Snakehead (2021) 

A newly arrived immigrant works off her debt to the people who helped her get to America. In doing so, she finds herself working as a human smuggler and making some hard decisions along the way. 

Written and directed by Evan Jackson Leong, Snakehead takes on the story of one woman wanting to work towards a better life but not wanting to prostitute herself any long, thus making hard decisions that put others at risk and make her life seemingly better, at least for a time. The film here takes this story and goes the route of an engrossing drama instead of an action film as has been seen many times before. The story here is one most viewers will have seen a variation of before, but here it’s done in a way that grabs the viewer and doesn’t let them go until the very end. There is a lot in here and it’s done with just the right balance to makes it a film that one wants to watch and not one that is endured.  

The lead, playing Sister Tse, is Shuya Chang who does fantastic work here, giving her character depth and strength beyond the usual for this kind of part and makes her character a human with many facets beyond what is in the script. She makes Sister Tse what she is and makes the viewer care about her. Top billing but in a more secondary part almost is Sung Kang as Rambo. As the most known to Western audiences, he will be the draw for many watching this and he does great work here, giving Rambo the right personality and making him just unlikable enough, but not so much that one will not want to watch him throughout the film. Another strong performance is that of Jade Wu as Dai Mah. Here Wu exudes confidence and a quiet power that is scary at times and imposing for the rest of her screen time. She really steals scenes left and right when she is on screen.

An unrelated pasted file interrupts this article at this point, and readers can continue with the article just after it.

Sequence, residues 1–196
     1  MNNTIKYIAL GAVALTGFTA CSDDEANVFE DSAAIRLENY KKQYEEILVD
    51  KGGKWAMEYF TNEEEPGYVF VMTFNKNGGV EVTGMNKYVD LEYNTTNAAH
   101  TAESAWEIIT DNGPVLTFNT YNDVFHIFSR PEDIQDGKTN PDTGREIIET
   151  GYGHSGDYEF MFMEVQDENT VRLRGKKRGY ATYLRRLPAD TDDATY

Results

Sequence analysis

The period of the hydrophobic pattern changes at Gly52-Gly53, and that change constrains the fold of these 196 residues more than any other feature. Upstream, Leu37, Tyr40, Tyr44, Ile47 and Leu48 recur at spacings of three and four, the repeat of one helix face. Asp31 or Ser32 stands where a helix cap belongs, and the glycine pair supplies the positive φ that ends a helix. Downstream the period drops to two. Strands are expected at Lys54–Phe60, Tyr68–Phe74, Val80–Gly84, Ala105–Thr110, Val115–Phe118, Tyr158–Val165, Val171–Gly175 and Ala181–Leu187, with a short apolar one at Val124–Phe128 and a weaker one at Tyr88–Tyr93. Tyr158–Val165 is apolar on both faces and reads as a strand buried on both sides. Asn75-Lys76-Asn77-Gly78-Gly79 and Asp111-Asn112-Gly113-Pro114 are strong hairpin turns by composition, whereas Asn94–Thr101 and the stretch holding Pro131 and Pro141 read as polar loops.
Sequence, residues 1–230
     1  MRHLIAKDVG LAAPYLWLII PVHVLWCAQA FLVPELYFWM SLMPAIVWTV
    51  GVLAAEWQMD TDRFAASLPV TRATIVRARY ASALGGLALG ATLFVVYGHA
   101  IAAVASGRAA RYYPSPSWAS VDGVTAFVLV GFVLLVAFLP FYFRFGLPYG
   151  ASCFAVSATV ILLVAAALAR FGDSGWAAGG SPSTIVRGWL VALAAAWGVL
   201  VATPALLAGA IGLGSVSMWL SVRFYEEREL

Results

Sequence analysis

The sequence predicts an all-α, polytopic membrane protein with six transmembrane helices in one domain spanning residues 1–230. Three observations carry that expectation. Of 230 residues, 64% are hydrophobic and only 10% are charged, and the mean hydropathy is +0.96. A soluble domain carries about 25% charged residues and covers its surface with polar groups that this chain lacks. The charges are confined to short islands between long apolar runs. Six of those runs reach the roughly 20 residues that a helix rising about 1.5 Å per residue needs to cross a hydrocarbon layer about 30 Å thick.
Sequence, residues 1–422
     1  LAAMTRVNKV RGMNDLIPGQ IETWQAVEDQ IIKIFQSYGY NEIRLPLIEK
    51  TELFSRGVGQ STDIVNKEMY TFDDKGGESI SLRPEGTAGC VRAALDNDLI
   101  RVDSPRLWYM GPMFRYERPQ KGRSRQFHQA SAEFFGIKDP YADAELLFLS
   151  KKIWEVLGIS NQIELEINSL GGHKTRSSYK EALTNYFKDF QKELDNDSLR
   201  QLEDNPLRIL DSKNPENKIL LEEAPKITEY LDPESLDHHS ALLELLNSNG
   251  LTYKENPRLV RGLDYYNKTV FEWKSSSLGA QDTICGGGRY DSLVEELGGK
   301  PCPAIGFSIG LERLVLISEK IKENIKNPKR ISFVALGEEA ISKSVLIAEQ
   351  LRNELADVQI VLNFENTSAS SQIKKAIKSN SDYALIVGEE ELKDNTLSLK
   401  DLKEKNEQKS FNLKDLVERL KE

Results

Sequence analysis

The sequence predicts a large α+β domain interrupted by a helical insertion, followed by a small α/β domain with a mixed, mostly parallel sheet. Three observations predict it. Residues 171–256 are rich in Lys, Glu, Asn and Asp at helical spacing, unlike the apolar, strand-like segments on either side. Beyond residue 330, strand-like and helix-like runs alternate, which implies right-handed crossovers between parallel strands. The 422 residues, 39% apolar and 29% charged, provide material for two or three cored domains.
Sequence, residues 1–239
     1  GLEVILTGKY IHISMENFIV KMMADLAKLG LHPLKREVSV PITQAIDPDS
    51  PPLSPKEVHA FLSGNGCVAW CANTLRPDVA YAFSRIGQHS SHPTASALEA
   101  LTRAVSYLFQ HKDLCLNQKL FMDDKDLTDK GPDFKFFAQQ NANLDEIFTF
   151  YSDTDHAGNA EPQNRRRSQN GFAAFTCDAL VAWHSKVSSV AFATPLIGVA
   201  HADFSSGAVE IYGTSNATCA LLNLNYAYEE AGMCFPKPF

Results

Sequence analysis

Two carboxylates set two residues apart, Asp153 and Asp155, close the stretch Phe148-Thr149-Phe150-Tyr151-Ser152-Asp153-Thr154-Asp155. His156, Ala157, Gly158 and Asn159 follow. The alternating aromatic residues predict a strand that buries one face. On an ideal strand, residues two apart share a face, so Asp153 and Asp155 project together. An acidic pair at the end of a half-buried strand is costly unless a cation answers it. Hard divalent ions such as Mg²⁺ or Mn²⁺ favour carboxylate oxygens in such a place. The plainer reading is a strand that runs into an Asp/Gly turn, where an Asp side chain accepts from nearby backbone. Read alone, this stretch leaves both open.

Snakehead has strong writing, directing, and performances and these are showcased using the beautiful cinematography by Ray Huang. The images here bring NYC to life in a grey and emotional way that is hard to explain in writing, but will make sense to those who take the time to watch the movie. The film focuses on Chinatown and gives a new view of it, not the tourist-y view many films have and not the crime-laden (though crime does happen here) many films and tv shows give it. Here Chinatown is almost a character, one that is melancholy and full of life wanting to burst through. There is something in how it all frames the characters and the story that fits just right and makes the images marry perfectly with the film overall. 

Snakehead is a crime drama that is heavy on the character-driven scenes. It’s a strong outing in its sub-genre and it makes for a great watch that is melancholy, but not supremely heavy. The film looks and sounds amazing with performances that pull the viewer to them and make them want to see what happens next. It’s by no means an action film, but it’s one that moves at a decent pace, never feeling too long or like it could use some more editing. It’s the kind of film that is a must see just for the acting, something that makes it a stronger film than expected here.